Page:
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The Fancott Public House

The Fancott March 2016
The Fancott March 2016

The Fancott Public House: Luton Road, Fancott

The earliest mention of the Fancott is in the countywide licensing register of 1876 when it was an unnamed beerhouse. The owner was John Allen of Ampthill, who leased it to Henry Kingsley of Kimpton [Hertfordshire], thus the licensee, Thomas Wilson was a sub-tenant. By the time of the countywide directory nothing had changed; the beerhouse still had no name.

By 1913 the beerhouse, together with three other cottages, was in the hands of London brewers Fuller, Smith and Turner of Chiswick and in this year they conveyed them to Amy Marlow of Toddington, spinster, for £275 [HN10/370/Marlow2]. The Rating and Valuation Act 1925 specified that every building and piece of land in the country was to be assessed to determine its rateable value. The valuer visiting the Fancott, surprisingly, made no mention of its being licensed [DV1/A9/12 and 12a]. He visited on 4th September 1926 and found that today's Fancott was divided into two tenements. The south-east portion was owned by Ernest Wilson junior and occupied by Ernest Willson senior; it wsas called Fancote Cottage; there was no rent. Accommodation comprised a reception room, a kitchen, two bedrooms a timber and corrugated iron coal barn and a common earth closet. This was clearly the licensed portion. The valuer commented "House old".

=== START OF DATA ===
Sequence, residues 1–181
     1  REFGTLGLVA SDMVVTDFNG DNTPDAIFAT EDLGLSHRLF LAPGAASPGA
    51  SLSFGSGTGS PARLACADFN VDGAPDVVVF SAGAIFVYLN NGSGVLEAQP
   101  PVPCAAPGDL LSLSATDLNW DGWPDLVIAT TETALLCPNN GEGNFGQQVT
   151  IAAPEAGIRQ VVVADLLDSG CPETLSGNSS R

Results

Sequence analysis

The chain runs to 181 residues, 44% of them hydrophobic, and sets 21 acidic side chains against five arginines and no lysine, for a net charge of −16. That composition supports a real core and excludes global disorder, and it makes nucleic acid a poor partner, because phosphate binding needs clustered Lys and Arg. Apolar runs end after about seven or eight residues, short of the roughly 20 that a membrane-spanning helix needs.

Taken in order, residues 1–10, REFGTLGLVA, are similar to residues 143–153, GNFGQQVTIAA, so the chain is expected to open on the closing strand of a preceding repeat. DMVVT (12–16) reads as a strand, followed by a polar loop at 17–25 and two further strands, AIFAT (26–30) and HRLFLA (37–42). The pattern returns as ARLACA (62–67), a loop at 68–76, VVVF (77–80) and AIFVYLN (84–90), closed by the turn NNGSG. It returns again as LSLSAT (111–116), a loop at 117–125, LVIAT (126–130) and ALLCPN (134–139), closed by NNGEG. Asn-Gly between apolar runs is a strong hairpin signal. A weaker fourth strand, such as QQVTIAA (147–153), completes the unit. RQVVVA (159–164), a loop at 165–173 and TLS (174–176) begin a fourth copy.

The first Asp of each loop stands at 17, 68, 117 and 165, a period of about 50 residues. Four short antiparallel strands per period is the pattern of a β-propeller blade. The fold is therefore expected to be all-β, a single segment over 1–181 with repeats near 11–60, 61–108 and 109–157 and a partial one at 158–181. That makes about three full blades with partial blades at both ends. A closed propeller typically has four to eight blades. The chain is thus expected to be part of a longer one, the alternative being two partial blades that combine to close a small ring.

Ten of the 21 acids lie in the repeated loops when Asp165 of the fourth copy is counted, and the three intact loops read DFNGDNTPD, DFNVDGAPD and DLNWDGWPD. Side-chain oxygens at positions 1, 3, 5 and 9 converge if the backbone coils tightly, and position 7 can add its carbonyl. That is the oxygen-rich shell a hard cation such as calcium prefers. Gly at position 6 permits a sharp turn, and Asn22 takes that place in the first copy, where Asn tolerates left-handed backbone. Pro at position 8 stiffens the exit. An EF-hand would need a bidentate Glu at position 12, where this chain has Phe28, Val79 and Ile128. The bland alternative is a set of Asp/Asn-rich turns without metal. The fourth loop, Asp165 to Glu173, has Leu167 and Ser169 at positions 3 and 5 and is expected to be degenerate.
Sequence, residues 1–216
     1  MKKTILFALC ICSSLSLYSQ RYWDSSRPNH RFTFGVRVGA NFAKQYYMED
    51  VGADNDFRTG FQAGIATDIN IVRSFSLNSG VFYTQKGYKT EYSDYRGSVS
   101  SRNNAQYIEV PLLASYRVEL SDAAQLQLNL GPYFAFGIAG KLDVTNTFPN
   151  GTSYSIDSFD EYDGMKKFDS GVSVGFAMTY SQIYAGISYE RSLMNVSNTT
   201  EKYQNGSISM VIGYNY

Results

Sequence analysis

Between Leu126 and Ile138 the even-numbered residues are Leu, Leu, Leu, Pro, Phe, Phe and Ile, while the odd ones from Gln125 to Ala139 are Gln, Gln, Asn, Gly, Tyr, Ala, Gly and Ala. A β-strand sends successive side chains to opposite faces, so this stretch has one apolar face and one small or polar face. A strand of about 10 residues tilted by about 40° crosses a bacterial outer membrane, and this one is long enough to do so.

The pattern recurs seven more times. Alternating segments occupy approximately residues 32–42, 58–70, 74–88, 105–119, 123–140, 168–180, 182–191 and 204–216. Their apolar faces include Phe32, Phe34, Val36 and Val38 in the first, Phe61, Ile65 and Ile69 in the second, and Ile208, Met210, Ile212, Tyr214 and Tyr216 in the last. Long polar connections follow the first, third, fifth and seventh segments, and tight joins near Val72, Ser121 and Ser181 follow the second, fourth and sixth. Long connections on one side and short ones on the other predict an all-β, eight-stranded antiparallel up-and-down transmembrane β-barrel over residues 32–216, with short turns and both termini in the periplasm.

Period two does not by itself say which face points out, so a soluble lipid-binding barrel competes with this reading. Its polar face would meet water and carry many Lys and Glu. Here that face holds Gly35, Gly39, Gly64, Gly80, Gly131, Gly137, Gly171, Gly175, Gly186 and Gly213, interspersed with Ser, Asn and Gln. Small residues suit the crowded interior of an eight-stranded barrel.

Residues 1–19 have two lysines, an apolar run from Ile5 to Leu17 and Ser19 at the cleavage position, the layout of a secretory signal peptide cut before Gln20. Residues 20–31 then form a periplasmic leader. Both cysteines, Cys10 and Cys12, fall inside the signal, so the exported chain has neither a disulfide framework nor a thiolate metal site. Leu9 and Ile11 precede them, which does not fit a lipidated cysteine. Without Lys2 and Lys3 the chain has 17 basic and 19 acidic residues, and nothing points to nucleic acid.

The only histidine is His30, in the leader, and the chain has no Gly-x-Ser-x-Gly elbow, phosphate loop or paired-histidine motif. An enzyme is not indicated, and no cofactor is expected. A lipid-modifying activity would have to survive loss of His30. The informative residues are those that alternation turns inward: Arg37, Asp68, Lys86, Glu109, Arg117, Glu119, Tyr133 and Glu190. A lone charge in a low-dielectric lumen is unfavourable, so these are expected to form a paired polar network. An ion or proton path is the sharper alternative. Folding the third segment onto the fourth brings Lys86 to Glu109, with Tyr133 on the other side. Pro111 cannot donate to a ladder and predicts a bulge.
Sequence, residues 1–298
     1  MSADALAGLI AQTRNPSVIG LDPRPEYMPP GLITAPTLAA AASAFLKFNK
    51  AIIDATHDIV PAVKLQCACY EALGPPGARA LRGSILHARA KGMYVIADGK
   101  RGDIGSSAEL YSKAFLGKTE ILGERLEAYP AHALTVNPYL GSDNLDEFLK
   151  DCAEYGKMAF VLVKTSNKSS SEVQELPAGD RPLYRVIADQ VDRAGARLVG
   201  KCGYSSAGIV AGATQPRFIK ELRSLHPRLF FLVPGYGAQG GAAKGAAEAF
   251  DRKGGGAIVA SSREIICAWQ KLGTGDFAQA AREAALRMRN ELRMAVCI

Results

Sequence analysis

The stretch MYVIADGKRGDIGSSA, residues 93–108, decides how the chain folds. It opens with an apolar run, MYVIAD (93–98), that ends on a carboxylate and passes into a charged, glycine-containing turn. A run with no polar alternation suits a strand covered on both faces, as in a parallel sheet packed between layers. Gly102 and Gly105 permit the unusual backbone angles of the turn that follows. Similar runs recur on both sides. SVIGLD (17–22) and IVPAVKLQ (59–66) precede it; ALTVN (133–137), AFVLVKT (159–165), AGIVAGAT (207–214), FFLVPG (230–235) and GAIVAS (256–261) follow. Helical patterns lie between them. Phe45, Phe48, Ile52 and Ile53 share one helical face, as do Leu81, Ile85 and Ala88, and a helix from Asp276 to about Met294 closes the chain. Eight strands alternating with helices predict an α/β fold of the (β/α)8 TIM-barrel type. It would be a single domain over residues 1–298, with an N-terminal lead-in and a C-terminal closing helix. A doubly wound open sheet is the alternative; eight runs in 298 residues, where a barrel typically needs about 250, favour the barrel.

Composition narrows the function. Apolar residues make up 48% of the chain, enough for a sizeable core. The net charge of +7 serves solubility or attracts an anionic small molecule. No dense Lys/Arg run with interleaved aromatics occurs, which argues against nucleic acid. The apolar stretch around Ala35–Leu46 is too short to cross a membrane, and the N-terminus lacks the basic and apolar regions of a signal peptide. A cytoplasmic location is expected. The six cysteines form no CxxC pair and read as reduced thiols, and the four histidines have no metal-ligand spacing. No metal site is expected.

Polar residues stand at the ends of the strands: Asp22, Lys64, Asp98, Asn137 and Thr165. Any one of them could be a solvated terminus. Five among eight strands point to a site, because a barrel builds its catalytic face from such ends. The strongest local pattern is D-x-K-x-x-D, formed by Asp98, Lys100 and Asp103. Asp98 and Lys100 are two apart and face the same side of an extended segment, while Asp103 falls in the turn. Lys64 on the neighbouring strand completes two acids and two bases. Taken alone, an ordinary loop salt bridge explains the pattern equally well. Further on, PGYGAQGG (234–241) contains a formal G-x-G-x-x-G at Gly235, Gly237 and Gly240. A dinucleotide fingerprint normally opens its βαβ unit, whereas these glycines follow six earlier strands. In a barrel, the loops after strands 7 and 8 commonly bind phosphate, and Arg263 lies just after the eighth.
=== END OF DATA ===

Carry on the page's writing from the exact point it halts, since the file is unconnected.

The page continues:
The north-west portion and outbuildings to the south-west were also owned by Wilson junior but occupied by G Bowers whose rent was £13 per annum for two reception rooms, a kitchen, a scullery, four bedrooms, two brick and tiled barns and two brick and tiled earth closets. The valuer commented:  "House old" and "Was two cottages".

At some point Ernest Wilson sold the business to Ernest Edward Nelson of Kentish Town [London] and in 1937 he sold it to London brewers Whitbread (which sold all its public houses in 2002). The Fancott Arms, as it was called by then, became a fully licensed public house on 8th April 1949 [PSW3/32].

The building was listed by the former Department of Environment in September 1980 as Grade II, of special interest. It dates from the 17th century and comprises two storeys beneath an old clay tiled. The building is covered in roughcast, probably over a timber-framed structure. There is a lower extension on the left-hand side. At the time of writing [2016] the Fancott, as it is now known, remains a public house, owned by Wallman Pubs, which also owns The Crown in Henlow.

 The Fancott seen from the road February 2016
The Fancott seen from the road March 2016

Sources:

  • HN10/370/Marlow2: draft conveyance: 1913;
  • RDLP2/104: additions to the Fancott Arms: 1929;
  • PSW3/32: renewal of licence: 1949.

Licencees: note that this is not a complete list and that dates in italics are not necessarily beginning or end dates, merely the first/last date which can be confirmed from sources such as directories and deeds:

1876-1894: Thomas Wilson: convicted 26th September 1894 of being open during prohibited hours, fined 10/- with 10/- costs;
1894-1907: Elizabeth Wilson;
1907-1917: Edward Wilson;
1917-1937: Ernest Wilson;
1937-1954: John William Stringer;
1954: Raymond Thorpe;
1954-1955: Sarah Jane Stringer;
1955: William George Cotton and Samuel Richard;
1955-1958: Ernest Godfrey;
1958-1959: Mary Edith Godfrey;
1959: Philip Holles;
1985: Terence Edward Taylor;
1985: Monty David Penny;
1990: Lee Mark Baxter.